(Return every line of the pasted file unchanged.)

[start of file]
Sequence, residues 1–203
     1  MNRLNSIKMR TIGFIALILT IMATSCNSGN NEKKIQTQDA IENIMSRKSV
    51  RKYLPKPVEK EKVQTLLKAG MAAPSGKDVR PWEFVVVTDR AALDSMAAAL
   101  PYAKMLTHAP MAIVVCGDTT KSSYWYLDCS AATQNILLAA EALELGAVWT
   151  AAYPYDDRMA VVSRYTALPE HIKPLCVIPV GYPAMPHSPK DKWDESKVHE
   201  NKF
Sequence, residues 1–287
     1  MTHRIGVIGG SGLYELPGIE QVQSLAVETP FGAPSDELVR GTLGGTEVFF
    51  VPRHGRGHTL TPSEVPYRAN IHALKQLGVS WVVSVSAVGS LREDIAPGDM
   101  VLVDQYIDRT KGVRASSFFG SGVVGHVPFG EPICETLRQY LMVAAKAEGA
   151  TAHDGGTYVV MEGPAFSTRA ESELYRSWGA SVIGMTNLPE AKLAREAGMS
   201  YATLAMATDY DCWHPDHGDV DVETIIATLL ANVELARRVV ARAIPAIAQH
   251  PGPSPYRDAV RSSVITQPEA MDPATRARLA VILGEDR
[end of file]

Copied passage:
Sequence, residues 1–203
     1  MNRLNSIKMR TIGFIALILT IMATSCNSGN NEKKIQTQDA IENIMSRKSV
    51  RKYLPKPVEK EKVQTLLKAG MAAPSGKDVR PWEFVVVTDR AALDSMAAAL
   101  PYAKMLTHAP MAIVVCGDTT KSSYWYLDCS AATQNILLAA EALELGAVWT
   151  AAYPYDDRMA VVSRYTALPE HIKPLCVIPV GYPAMPHSPK DKWDESKVHE
   201  NKF
Sequence, residues 1–287
     1  MTHRIGVIGG SGLYELPGIE QVQSLAVETP FGAPSDELVR GTLGGTEVFF
    51  VPRHGRGHTL TPSEVPYRAN IHALKQLGVS WVVSVSAVGS LREDIAPGDM
   101  VLVDQYIDRT KGVRASSFFG SGVVGHVPFG EPICETLRQY LMVAAKAEGA
   151  TAHDGGTYVV MEGPAFSTRA ESELYRSWGA SVIGMTNLPE AKLAREAGMS
   201  YATLAMATDY DCWHPDHGDV DVETIIATLL ANVELARRVV ARAIPAIAQH
   251  PGPSPYRDAV RSSVITQPEA MDPATRARLA VILGEDR